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Parvovirus is a very serious viral infection of dogs. We usually see this disease in young dogs that have not been properly vaccinated. In general, dogs that have received the recommended vaccines virtually never get this disease.
When an animal comes down with parvovirus they typically have a very fast onset of disease. For instance, they will be fine one day, not eating the next day, and by the third day they are throwing up and often have bloody diarrhea.
Parvovirus is a very common cause of death in unvaccinated puppies. Puppies that die from parvovirus die from one of two things. First, dehydration commonly causes death. Puppies with this disease are vomiting, having diarrhea, and are unable to keep fluids down – even if they drink. Therefore, they quickly become very severely dehydrated, develop electrolyte imbalances, and become hypoglycemic (low blood sugar) which is live threatening. Second, death often occurs because of a secondary bacterial infection called septicemia. Every dog has bacterial that normally live in the intestinal tracts. However, parvovirus causes severe ulceration of the small intestine which allows these normally good bacteria to invade the blood stream into the rest of the body which often leads to death. These dogs often run a very high fever which alerts us to this problem.
Treatment of parvovirus is not aimed at killing the virus – you can’t – just like any other viral infection. Treatment is aimed at keeping the puppy alive until their immune system fights off the virus and heals the intestinal tract. It involves several things:
As you can imagine this is a very expensive disease to treat. Parvovirus puppies can cost hundreds of dollars to treat and we often require a $600 deposit to begin treatment for this disease. Fortunately, we save 90 - 95% of the puppies treated. However, 5 - 10% die no matter what we do.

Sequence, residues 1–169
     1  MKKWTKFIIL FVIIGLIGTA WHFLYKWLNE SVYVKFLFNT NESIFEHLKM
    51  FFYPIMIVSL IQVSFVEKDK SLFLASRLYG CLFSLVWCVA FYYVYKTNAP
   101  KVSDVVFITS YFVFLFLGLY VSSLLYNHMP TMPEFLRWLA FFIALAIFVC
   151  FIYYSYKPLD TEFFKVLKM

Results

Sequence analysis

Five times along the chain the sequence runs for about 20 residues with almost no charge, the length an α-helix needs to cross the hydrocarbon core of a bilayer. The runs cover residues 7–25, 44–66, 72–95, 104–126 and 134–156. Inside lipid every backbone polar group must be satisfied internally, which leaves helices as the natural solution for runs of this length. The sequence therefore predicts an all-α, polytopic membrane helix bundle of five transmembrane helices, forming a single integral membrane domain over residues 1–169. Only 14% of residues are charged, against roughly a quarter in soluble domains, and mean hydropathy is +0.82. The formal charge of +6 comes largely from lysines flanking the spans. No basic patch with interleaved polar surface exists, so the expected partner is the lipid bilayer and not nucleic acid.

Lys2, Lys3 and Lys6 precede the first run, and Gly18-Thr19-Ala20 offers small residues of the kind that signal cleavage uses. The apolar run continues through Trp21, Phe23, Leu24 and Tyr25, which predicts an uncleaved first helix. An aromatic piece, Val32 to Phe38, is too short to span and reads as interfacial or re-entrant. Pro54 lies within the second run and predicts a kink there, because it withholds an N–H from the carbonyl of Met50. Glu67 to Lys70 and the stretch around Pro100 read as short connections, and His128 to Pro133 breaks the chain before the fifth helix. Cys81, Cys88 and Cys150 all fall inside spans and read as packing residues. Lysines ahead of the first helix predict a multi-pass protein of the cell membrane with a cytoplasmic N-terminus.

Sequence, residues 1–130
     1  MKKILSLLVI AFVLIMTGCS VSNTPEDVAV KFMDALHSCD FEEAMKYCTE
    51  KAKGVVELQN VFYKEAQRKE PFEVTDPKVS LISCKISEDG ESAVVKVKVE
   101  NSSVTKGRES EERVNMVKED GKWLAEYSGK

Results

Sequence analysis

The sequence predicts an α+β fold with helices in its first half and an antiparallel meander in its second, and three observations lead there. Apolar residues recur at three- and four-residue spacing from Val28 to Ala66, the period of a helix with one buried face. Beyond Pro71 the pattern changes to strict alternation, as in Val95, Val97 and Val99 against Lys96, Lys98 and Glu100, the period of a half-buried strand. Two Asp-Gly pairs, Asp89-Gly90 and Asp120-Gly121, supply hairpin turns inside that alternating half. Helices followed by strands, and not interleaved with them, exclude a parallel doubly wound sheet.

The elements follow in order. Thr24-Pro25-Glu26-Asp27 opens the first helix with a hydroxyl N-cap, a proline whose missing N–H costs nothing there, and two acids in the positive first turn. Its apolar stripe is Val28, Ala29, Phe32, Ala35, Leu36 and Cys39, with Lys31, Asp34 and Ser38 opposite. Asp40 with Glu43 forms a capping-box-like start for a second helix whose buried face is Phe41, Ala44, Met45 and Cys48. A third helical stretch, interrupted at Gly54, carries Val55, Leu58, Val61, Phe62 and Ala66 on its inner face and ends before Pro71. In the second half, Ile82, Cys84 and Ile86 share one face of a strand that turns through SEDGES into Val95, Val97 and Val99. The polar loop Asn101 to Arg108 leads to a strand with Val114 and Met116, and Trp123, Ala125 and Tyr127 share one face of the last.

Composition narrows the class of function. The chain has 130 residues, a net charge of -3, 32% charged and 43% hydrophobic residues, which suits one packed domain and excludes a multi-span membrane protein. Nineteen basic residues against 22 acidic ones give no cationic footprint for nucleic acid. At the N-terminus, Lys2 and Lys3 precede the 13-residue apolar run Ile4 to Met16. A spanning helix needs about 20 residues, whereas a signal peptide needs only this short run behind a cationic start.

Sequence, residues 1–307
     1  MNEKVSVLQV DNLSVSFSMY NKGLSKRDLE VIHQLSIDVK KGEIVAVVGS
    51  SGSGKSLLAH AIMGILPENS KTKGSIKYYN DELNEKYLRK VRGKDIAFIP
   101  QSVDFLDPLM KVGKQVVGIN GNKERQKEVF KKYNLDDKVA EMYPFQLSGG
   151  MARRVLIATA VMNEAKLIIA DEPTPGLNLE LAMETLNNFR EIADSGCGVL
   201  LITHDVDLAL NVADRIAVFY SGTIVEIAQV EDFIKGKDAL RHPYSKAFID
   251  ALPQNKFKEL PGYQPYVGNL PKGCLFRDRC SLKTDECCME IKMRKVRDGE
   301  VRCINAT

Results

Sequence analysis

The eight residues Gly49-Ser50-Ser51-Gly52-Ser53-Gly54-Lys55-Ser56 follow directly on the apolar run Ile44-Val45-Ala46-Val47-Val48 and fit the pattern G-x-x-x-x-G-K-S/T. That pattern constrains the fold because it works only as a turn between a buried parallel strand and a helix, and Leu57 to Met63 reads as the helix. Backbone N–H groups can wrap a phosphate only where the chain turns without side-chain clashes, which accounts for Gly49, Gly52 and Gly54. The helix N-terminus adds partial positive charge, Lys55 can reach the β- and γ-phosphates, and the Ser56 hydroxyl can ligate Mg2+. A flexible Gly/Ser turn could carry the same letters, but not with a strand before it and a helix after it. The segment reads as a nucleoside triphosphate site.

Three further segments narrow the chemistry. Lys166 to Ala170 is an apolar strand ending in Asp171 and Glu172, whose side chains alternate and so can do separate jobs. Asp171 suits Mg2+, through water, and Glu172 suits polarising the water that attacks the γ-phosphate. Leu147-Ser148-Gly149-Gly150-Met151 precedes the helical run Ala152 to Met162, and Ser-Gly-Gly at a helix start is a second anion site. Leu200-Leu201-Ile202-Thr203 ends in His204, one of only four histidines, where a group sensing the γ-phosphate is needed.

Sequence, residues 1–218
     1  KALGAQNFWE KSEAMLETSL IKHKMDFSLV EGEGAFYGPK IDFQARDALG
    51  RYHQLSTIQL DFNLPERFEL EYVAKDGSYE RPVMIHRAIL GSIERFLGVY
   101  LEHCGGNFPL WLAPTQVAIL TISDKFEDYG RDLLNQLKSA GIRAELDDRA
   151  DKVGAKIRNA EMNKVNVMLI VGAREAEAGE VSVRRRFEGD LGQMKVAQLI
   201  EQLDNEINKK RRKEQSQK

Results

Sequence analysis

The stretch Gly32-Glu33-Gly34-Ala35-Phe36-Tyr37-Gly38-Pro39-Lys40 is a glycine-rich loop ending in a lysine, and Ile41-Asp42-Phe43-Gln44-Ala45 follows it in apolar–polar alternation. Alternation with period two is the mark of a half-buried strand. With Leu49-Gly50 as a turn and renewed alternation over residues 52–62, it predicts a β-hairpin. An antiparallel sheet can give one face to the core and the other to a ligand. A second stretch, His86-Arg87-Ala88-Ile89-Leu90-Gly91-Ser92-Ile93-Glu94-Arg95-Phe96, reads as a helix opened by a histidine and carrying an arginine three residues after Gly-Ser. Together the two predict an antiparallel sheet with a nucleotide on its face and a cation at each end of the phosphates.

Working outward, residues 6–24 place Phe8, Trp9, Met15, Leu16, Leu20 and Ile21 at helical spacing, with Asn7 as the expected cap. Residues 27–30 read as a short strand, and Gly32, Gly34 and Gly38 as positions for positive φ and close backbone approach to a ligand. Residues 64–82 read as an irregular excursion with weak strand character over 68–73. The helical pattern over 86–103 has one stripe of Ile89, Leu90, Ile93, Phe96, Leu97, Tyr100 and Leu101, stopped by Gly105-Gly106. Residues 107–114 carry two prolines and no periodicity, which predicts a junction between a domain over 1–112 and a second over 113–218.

Parvovirus is a very tough bug and will live a long time in the environment. Clorox kills the virus but it isn’t practical to treat your house and yard with Clorox. We just recommend that anyone with a parvovirus infected puppy make sure all of their other pets are up to date on vaccines and simply clean up around the house where Clorox won’t be a problem. Make sure any new dogs to your house are vaccinated as well.
In short, parvovirus is a very serious and deadly disease that we can successfully treat most of the time – it is just expensive. We would much rather, however, just vaccinate you puppy and not have to worry about it. Ideally, start vaccines at 6 weeks and repeat every 3 weeks until they are 16 weeks of age or older. Whenever you bring them in for us to vaccinate we will give you a chart that lays out the appropriate vaccination schedule that is best for your puppy.